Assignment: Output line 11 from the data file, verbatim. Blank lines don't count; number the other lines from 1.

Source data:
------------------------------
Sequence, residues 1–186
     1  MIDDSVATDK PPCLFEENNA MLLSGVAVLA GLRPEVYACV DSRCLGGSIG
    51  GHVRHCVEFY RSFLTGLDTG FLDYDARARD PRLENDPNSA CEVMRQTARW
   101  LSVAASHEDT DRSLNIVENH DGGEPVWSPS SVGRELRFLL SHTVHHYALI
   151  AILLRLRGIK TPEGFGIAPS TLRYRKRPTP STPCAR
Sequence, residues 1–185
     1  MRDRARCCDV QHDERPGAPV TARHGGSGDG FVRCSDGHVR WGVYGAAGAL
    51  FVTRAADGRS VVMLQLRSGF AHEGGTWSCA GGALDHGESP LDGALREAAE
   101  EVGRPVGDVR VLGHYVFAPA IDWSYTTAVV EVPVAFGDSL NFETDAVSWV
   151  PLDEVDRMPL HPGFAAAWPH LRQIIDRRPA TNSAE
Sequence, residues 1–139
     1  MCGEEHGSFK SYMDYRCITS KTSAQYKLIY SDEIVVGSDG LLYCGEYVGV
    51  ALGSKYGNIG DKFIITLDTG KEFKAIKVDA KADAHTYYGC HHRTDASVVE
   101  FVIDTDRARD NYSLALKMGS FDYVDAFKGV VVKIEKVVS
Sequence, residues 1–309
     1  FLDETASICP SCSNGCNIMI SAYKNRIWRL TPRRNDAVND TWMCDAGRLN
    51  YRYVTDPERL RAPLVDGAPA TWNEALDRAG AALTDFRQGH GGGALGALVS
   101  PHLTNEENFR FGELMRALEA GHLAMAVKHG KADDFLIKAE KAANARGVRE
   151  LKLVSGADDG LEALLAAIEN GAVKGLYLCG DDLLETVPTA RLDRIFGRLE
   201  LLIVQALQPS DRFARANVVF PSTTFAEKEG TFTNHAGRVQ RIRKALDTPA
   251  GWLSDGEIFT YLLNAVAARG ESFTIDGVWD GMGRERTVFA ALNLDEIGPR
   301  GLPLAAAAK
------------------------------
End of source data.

Sequence, residues 1–139